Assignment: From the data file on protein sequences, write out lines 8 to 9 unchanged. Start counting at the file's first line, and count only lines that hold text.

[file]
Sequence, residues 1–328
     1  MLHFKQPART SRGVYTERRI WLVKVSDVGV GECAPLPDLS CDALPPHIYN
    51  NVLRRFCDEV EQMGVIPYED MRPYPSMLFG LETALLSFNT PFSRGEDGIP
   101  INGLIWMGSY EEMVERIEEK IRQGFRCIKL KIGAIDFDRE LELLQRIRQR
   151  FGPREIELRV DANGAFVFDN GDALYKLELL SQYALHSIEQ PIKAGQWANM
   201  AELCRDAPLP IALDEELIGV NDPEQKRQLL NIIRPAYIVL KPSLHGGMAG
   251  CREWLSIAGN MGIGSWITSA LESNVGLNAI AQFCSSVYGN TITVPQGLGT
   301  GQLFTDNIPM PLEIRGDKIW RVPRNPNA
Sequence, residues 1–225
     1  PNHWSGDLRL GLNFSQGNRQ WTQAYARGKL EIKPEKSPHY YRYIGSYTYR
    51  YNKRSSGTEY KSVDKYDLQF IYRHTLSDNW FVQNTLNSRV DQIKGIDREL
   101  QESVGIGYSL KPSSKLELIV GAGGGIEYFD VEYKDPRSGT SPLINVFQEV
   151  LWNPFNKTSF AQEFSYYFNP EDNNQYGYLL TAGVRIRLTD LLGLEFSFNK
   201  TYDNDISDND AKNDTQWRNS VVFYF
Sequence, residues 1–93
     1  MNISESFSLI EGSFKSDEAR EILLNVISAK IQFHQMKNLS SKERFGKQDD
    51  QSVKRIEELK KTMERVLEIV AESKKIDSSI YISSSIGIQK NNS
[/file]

   301  GQLFTDNIPM PLEIRGDKIW RVPRNPNA
Sequence, residues 1–225